BALTIMORE -- It's been nearly three months since U.S. Sen. Chris Van Hollen suffered a minor stroke.
"They said that it was a good thing I came in, because we can see some bleeding in the brain," the 63-year-old said on "CBS Mornings."
During a campaign speech in May, Van Hollen first appeared fine, but a video shows him start to lean over on the podium to steady himself.
"I felt lightheaded," he recalled. "I had a pain in my neck. And my ears were popping a little bit, like you're on an airplane."
Doctors found a tear in a vein in the back of his head. After a week of hospitalization and rest at home, Van Hollen has been recovering and tells CBS News he's reevaluating his busy schedule.
"I think the lesson for all of us is you've got to look out for your health," he said.
Dr. Céline Gounder, editor-at large for public health for Kaiser Health News, said demanding situations, like what Van Hollen faces on the job regularly, could take a toll.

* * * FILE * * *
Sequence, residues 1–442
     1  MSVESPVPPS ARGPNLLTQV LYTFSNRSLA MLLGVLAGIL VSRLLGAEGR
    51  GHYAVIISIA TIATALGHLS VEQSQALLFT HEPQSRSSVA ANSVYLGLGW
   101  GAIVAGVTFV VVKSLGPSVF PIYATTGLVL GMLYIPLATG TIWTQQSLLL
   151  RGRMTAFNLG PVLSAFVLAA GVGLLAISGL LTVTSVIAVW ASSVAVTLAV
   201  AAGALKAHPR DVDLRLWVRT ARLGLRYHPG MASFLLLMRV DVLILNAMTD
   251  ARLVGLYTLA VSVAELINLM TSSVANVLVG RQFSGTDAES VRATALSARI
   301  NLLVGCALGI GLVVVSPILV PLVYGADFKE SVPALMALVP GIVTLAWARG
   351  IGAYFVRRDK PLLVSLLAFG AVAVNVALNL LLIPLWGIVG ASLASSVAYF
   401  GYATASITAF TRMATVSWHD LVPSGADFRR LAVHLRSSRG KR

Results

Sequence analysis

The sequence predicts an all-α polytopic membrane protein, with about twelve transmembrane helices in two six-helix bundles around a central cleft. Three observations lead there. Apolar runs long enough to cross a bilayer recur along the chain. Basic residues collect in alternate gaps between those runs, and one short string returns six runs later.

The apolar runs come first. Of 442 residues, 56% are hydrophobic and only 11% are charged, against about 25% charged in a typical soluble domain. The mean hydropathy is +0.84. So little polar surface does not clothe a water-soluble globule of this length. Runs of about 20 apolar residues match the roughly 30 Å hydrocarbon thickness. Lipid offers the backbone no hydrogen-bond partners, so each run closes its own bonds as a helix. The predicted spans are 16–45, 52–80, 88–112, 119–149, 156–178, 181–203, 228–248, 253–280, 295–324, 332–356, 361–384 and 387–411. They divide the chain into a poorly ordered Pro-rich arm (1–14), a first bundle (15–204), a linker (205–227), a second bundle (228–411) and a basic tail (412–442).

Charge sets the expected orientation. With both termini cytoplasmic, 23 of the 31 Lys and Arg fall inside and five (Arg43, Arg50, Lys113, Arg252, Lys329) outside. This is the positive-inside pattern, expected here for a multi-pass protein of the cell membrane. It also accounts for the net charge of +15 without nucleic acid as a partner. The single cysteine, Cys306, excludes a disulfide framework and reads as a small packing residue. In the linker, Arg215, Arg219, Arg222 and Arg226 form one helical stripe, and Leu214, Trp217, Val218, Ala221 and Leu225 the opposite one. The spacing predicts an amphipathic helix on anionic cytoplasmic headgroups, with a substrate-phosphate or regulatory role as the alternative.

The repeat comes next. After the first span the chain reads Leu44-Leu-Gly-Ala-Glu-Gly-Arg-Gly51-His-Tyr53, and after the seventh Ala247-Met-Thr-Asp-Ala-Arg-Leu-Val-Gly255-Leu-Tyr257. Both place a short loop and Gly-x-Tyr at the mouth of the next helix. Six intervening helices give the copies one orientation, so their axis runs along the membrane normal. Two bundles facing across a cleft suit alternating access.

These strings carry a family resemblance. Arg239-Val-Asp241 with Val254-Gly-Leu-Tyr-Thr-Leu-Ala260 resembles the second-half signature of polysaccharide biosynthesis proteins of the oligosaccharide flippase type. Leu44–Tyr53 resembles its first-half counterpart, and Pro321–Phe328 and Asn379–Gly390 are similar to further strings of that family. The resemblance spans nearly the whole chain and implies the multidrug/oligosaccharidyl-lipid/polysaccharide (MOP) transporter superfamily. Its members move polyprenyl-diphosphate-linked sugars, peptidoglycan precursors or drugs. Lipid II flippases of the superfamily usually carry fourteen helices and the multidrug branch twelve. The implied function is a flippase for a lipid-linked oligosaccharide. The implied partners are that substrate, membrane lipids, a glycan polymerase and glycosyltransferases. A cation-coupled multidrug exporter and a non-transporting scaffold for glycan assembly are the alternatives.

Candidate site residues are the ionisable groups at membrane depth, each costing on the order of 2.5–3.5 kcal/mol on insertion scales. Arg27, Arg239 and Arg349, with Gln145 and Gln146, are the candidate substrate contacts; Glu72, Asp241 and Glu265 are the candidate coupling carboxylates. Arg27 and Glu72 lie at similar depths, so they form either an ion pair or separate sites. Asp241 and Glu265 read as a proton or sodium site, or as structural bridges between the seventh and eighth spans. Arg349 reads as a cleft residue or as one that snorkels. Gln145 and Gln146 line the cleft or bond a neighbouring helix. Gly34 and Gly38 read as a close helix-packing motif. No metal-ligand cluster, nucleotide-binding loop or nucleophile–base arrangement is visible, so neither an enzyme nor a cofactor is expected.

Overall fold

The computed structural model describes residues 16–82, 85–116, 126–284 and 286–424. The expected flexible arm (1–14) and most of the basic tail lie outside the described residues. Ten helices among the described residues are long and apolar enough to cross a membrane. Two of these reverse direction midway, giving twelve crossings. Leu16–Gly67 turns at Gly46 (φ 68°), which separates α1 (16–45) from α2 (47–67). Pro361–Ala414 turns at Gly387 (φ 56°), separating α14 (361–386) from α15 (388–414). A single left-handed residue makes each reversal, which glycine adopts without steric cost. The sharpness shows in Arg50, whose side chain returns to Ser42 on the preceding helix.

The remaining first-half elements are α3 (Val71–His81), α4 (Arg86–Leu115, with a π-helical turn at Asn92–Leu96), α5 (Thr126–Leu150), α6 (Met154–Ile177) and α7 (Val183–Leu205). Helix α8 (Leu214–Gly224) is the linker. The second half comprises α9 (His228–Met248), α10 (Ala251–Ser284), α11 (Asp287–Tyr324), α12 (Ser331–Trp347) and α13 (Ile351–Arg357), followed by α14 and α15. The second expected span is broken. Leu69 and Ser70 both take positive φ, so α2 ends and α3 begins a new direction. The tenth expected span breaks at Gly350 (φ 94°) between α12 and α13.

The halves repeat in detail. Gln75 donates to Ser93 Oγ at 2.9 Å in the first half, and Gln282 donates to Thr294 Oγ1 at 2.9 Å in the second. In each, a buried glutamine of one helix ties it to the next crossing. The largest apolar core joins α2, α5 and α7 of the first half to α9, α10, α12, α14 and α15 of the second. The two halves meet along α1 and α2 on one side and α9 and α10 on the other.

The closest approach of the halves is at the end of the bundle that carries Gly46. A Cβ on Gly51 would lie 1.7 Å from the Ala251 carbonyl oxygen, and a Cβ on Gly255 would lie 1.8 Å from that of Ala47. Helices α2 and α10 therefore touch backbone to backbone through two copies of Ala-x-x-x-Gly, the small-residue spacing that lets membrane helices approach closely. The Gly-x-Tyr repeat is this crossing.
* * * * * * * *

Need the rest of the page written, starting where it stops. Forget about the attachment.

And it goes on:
"We do certainly see a link between stress and high blood pressure, whether you're getting enough sleep," said Gounder.
She said it's all too common for people to ignore the warning signs, which for stroke include lack of balance, dizziness, vision problems and slurred speech.
Here in the U.S., it's now the fifth leading cause of death, with someone suffering from the life-threatening medical emergency every 40 seconds.
While Van Hollen survived, he now has his own warning for others
"When you're feeling these strange symptoms, don't just brush them off, which we so often do," he said.
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